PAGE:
Ash Meadows & Devils Hole
Feb 17, 2014
|Today we drove about 30 miles out to Ash Meadows National Wildlife Refuge, which also includes Devils Hole, a small, non-contiguous portion of Death Valley National Monument. We made four stops distinct stops and a loop drive along the reservoir and marsh, driving dirt roads and fording at least one spring.
Warm water from underground bubbles up through white sand into clear pools, 3 of which we visited: King Spring, Devils Hole and Crystal Spring. Silvery blue pupfish, which are endangered and one type is nearly extinct, dart between swaying strands of bright green algae. Streams, nearly hidden from view by reeds, brush and trees, gurgle down small inclines in places, and run silently along to the next little elevation change. If it hadn’t been for the occasional gurgle of water, often we would not have been aware the stream was right next to us along the boardwalk.
Lizards scurry along the white, snow-like alkali covered soil. Birds chatter and flit around on the boardwalks and in the Mesquite and Ash trees and brush.
Water is the key resource which makes Ash Meadows a unique ecosystem in the dry Mojave Desert. The water comes from over 100 miles to the northeast through a vast underground aquifer system. The water is called “fossil water” since it takes thousands of years to move through the ground from the surface to the aquifer back to surface. A geologic fault deep underground acts as a dam partially blocking the water flow and forcing it through other fault crack lines up to the surface. There are over 50 seeps and springs in this area. All together, about 10,000 gallons per minute of water flow year round from these springs.
The water from Crystal Spring runs to and is captured in a man-made reservoir. At one time the area was farmed: alfalfa hay and cotton and cattle. Then the area was going to be turned into a city, Calvada. But the endangered pupfish put a stop to development in 1976. Ash Meadows became a refuge in 1984. Dad, you were right: there was farming near the Pahrump area, and it wasn’t just in Amargosa Valley as I had suggested.
At Crystal Spring we could actually see the fossil water motion as it bubbled up from the bottom of the clear pool, making obvious currents, clearing the white, sandy bottom area of small gravel, and setting the nearby algae into motion.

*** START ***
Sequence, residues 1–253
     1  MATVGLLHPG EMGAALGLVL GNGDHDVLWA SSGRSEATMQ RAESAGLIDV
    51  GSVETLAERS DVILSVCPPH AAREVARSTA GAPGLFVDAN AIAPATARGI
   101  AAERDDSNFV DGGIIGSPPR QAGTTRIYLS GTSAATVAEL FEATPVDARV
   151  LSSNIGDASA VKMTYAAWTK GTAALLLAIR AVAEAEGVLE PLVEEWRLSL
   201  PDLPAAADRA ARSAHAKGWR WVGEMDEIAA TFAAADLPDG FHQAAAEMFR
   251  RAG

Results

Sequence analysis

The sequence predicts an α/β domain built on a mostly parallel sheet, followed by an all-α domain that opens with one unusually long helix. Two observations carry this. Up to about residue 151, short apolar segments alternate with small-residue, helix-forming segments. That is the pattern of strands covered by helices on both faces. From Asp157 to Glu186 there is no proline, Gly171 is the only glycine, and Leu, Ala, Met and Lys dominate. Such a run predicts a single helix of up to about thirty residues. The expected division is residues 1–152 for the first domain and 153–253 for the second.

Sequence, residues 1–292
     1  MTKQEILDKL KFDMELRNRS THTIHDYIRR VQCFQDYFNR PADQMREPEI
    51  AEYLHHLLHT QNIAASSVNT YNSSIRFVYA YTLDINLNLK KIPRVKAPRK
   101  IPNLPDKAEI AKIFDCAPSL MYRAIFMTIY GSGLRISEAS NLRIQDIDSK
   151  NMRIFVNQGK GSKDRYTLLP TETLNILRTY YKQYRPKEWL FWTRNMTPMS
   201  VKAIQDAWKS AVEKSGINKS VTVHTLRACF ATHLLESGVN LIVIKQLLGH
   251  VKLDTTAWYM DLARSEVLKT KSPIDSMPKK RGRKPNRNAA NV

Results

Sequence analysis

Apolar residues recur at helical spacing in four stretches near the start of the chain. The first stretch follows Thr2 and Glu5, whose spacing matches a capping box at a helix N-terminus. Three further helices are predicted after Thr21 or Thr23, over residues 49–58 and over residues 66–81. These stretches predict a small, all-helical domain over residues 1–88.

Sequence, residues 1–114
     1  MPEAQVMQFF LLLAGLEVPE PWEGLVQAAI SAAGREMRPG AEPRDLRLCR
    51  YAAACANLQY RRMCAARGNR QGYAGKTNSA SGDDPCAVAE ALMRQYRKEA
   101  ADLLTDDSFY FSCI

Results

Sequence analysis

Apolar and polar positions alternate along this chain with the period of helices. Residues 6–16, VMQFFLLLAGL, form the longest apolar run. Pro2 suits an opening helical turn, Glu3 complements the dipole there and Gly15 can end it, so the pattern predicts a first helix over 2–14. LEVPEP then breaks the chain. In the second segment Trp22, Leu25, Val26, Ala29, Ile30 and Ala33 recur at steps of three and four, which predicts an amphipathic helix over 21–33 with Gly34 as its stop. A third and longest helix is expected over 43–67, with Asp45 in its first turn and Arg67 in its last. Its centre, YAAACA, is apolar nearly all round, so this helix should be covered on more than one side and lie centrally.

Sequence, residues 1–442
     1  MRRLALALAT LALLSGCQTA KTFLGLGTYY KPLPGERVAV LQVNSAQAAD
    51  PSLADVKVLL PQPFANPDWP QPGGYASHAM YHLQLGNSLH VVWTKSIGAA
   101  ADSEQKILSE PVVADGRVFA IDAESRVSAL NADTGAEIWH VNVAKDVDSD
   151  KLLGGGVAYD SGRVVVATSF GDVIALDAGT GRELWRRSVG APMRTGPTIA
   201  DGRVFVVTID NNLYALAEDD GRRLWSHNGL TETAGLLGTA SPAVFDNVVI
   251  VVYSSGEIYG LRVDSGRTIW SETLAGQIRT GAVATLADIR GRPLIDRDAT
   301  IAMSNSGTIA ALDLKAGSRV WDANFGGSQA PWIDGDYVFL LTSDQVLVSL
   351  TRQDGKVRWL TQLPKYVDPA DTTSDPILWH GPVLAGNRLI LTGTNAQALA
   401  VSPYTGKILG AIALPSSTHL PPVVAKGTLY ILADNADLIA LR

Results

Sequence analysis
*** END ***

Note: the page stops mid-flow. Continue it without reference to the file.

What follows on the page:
We could see the minnow sized pupfish at both Crystal Spring and King Spring. However, at Devils Hole, the pupfish are so endangered, they, and the pool, are protected from the public by tall fencing and barbed wire.
The Devils Hole is really interesting, though not in any aesthetic sense. It is a large hole, or gouge in the earth on the side of a hill surrounded by rocks with not a bush or tree any where. It’s just a hole in the ground with steep rock sides. You’d never think to go over to the hillside to find a pool. Were it not for the parking lot directions, we would not have known it was even there. What we saw from the dirt road parking lot was a highly fenced compound up against the hill.
The hole is at least 500 feet deep, but scientists are not sure how deep it really is. The hole is not large on the surface: maybe about 30 feet long by 8 feet wide. But it goes down, down, down toward the aquifer. Because it is on such a large aquifer, major earthquakes as far away as Japan have caused tsunamis in the pool. Once such tsunami happened while scientist where there taking readings from their project equipment. The earthquake happened in Mexico in March 2012, and was not felt by the scientists at the Devils Hole. But the water sure reacted. You can view the video, taken on a cell phone, here: http://www.youtube.com/watch?v=a6h82PIi_-0
Also, here is more info, from the NPS, about the Devils Hole: http://www.nps.gov/deva/naturescience/devils-hole.htm
The average rainfall in Ash Meadows is three inches per year. The most common tree is the Screwbean Mesquite. The tree gets its name from the coiled, screw-like pods found in thick bunches on the ground and in the trees. Native Americans cured the pods, which are very, very hard, and ground them into a very highly nutritious flour.
Ash Meadows has the greatest concentration of endemic life in the US. That means plants and animals found here and nowhere else on earth. Approximately 10,000 years ago this part of Nevada and California was part of a salt sea, and at other times was a large lake where rivers were common. As the waters dried and receded, isolated pockets of life left species which adapted to the changes and became those endemic species of plants and animals.
Because the water from the aquifer has so much mineral in it, it reflects a very turquoise blue in the pools and in the reservoir. It was a wonderful refuge to visit. It’s supposed to be spectacular in April, May and June when all the migrating bird species have arrived and all the wildflowers are in bloom and the butterflies and bees are there en masse. Of course, it will also be many degrees warmer then than the perfect mid-70s when we visited.